Attributions of climatic characteristics to non-stationary rainfall‐streamflow relationship

The well documented relationship between rainfall and runoff in Victoria catchments has changed before, during and after the Millennium Drought (1997-2009) (Figure 1). Several theories explain it, such as higher evaporation, more farm dams, surface and groundwater interaction. However, a universal and physical process-based explanation for the changes is still not fully acceptable.

Figure 1: Annual rainfall (mm) and streamflow (mm) before (blue), during (red), and after (green) the Millennium Drought

The current study demonstrates the benefits of using a simple statistical analysis to investigate the attribution of climate characteristics to non-stationary rainfall-streamflow relationships, given the knowledge of changes in weather systems (fronts, thunderstorms and cyclones). Rainfall and streamflow data from 65 Hydrologic Reference Station (HRS), a subset of the 137 HRS in Victoria, with complete records from 1971 to 2018 without any missing values, are used to quantify the rainfall-streamflow relationship during (1997–2009), and prior to (1971–1996) and after (2010–2018) the Millennium Drought (Figure 2).

Figure 2: The ability of the regression models developed using 1971–1996 data in predicting the annual streamflow time series for 1997–2009 (during the Millennium Drought) and 2010–2018 (after the Millennium Drought).

The results show that annual streamflow is strongly correlated to annual rainfall, however the relationship can be very different in the different hydroclimate periods. The regression model against annual rainfall (AP), developed using the wet 1971–1996 period, significantly overestimated the streamflow in the 1997–2009 Millennium Drought period and 2010–2018 post-drought period, where the rainfall has recovered but the streamflow is still lower than the 1971–2018 mean .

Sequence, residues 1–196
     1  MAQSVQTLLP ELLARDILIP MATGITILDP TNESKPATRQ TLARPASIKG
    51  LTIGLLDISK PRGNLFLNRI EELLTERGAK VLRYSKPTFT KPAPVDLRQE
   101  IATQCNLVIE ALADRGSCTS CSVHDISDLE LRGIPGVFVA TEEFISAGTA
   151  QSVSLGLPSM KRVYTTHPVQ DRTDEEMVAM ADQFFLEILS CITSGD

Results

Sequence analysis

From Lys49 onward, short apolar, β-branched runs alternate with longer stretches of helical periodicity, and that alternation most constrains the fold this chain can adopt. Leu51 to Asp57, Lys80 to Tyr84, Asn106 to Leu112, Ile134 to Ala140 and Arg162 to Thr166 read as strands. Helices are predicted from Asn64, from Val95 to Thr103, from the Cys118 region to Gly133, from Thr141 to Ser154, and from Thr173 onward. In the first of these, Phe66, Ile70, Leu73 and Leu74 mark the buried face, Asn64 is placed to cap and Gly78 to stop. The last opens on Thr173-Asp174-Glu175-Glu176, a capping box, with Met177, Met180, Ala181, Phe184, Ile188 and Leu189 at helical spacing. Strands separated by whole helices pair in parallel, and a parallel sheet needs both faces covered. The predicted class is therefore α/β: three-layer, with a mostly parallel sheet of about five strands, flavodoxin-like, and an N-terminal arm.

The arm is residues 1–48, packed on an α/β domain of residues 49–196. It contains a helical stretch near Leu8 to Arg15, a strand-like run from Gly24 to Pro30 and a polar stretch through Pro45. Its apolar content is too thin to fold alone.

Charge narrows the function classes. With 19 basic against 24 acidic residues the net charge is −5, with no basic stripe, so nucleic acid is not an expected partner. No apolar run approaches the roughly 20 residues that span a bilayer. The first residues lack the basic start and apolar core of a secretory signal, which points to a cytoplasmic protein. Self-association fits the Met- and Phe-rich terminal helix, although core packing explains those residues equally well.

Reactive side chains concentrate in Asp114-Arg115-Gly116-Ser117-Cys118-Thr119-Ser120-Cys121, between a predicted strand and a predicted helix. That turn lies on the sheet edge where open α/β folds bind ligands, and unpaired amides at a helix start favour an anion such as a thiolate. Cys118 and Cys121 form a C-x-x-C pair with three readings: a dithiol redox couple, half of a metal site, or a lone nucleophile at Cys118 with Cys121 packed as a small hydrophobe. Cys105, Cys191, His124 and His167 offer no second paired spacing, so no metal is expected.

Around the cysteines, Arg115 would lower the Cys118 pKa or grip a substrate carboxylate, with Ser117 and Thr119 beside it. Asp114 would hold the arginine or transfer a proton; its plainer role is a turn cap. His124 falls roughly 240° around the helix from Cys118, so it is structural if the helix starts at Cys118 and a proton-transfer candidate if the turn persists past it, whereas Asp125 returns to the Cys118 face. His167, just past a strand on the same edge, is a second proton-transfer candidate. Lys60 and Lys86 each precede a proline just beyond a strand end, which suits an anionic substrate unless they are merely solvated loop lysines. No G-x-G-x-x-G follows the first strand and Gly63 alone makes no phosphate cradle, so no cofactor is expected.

The number of days with rainfall above 1 mm (RD) and the mean wet-spell length (MeWS) are found to be the two most “stable” variables that can best predict annual streamflow in the different hydroclimate periods (Figure 3). This is followed by the maximum and 99th percentile of 90-day accumulated total rainfall (D90Max and D90P99). The contributions of the MeWS to annual streamflow prediction should be emphasised. The combination of MeWS with many other climate variables significantly improved the streamflow prediction, particularly during the Millennium Drought.

Figure 3: Comparison of observed streamflow and the predicted streamflow based on two-variable regression models (MeWS+RD)

The results differ in different regions. The climate variables can model the non-stationarity in the rainfall-streamflow relationship in the eastern part of Victoria, but none of the climate variables can model the nonstationarity in the drier western part of Victoria. The relative difference in the climate variables in the different periods can also help explain the nonstationary annual streamflow versus annual rainfall relationship.

The findings of this study by CSIRO Land and Water can help identify key rainfall and climate characteristics to be considered in assessing the impact of climate change and climate variability on streamflow and water availability. They can potentially help develop hydrological models and hydroclimate relationships that can be more robustly extrapolated to estimate streamflow under a changing climate.

This study is funded by the Victorian Water and Climate Initiative.

Further reading

Fu, G., Chiew, F.H., Zheng, H., Robertson, D.E., Potter, N.J., Teng, J., Post, D.A., Charles, S.P. and Zhang, L. (2021). Statistical analysis of attributions of climatic characteristics to nonstationary rainfall‐streamflow relationship. Journal of Hydrology, 603, p.127017.